Hill Set to Take Care of Business in Second Playing Season
Date Added Wednesday, August 6, 2008 | 9:01 pm
Last Updated Wednesday, August 6, 2008 | 9:02 pm
Category: Sports > Fall > Football
Defensive tackle Derrick Hill was one of the more heavily pursued recruits when he entered the Cal campus in 2006. Today he's pursuing goals of his own.
The redshirt sophomore says he's having a much more productive camp compared to last year, but there's more to worry about. For one, the Bears' defense is set for a switch to the 3-4, which will present its share of curveballs, and the move also doubles the competition in his position.
Despite all that, Hill is keeping it simple.
"I want to do twice as good as I did last year," he said following Tuesday's practice. "I would love to get another pick, but one of the main things I really want, though, I'd trade the pick in any day for a couple more sacks."
In a 3-4? First of all, forget the pick. He'll have his hands full with multiple linemen every down. A sack or two for the season sounds reasonable for a nose tackle, but a few more than what he already expects to get?
Sounds like the typical preseason talk, peppered with innocuous predictions and brimming with unmitigated hope -- until Hill breaks it down.
"You would assume if it's three people (on the defense's side), and there's always at least five on the (offensive) line, somebody would get doubled teamed on a regular basis," Hill said. "But for some reason, it's not. You have to focus all your linemen on different people because you don't know who or what's coming."
At 6-foot-2 and 298 pounds, Hill certainly looks the part in packages with four down linemen, but many 3-4 tackles could easily belong on the other side of the line of scrimmage given an inch or two of height.
According to Hill, though, the coaches haven't exactly given his unit a guilt-free pass to gluttony.
"They want us to gain a little more weight, but at the same time, they don't want you to gain the weight," Hill said. "They don't want you to lose a step or anything like that, or get too big for your own good. Playing the nose, you don't have to necessarily be the biggest. You can beat 'em with speed and finesse."
Being in his third season (including his redshirt year) with the Bears, the nose isn't the only new role for Hill. The returning veterans of the defensive line have been also offering their tutelage to the teething cubs within the unit.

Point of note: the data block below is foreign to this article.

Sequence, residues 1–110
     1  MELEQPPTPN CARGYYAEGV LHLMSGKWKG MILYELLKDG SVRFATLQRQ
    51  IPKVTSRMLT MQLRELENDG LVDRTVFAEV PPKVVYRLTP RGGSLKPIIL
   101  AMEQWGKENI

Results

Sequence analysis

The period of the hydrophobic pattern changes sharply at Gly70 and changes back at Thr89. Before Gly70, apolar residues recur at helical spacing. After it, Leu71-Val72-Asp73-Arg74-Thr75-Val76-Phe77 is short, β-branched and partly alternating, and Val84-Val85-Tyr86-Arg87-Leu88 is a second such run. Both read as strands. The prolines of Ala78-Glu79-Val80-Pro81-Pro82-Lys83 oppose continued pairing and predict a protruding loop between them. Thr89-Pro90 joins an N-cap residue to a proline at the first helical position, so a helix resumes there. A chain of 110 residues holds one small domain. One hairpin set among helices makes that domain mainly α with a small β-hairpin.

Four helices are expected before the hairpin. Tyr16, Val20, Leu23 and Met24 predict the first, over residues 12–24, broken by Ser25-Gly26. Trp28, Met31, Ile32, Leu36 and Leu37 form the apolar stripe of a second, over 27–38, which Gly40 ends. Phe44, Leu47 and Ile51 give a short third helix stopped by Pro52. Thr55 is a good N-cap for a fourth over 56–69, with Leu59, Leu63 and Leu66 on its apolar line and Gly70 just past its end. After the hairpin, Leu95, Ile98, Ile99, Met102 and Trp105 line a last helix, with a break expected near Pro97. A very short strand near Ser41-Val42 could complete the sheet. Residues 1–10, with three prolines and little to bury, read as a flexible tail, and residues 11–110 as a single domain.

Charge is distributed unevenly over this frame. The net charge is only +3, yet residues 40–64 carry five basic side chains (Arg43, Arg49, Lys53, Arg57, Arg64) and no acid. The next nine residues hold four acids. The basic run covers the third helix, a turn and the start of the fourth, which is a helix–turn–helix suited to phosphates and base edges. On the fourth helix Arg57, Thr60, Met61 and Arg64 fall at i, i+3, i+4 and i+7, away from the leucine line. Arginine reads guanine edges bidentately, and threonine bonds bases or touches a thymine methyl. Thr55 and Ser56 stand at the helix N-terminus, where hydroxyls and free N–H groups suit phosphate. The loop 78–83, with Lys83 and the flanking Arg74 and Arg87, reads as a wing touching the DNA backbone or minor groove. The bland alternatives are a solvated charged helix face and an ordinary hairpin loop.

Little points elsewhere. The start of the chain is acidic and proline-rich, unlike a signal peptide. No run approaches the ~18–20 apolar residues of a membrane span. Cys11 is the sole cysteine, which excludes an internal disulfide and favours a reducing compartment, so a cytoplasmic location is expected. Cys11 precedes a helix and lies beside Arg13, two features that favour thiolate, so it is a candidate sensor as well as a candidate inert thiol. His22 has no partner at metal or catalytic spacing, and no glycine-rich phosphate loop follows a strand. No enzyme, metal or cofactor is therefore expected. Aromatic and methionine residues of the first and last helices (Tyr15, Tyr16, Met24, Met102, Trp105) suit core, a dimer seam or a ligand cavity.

Rulon Davis has been assigned to Trevor Guyton, Tyson Alualu to Aaron Tipoti and Hill to Kendrick Payne -- according to Hill, the incumbents do anything from visiting the newcomers' dorms to teaching the youngsters how to steer their emotions in practice.
"Payne, that's my boy," Hill said. "We always sit around, and we give all the freshmen to one of the other players … That's your little brother, that's your son. Whenever it's time to help them out or give them that mentor-kind of feedback, we always do for them.
"When I came in I had (Seattle Seahawks tackle Brandon) Mebane and (Matthew) Malele, and we all had people that were there for us like that, so it's just like a tradition going on now."
But as much as Hill is enjoying his shifting roles on and off the field, he's also approaching the game much more like a business. Given the circumstances, there doesn't seem any other way.
Senior Mika Kane headlines the depth chart at tackle, with Hill in a close second. Payne has impressed the coaching staff since he joined the team early in the spring, and Guyton is a four-star recruit who flashed some of his raw potential in Tuesday's 11-on-11 drills by stuffing fellow freshman Covaughn DeBoskie in the trenches for zero gain.
"It's a lot of competition right now 'cause we all know all it takes is that one slip from anybody, and they move right down on the depth chart," Hill said. "One thing me and my father always talk about is not being content with where you're at in life and especially in football … Right now I'm not at my full potential, nor am I at half, so if I get content with this, I will never develop as a player."
Contact Andrew Kim at [email protected]
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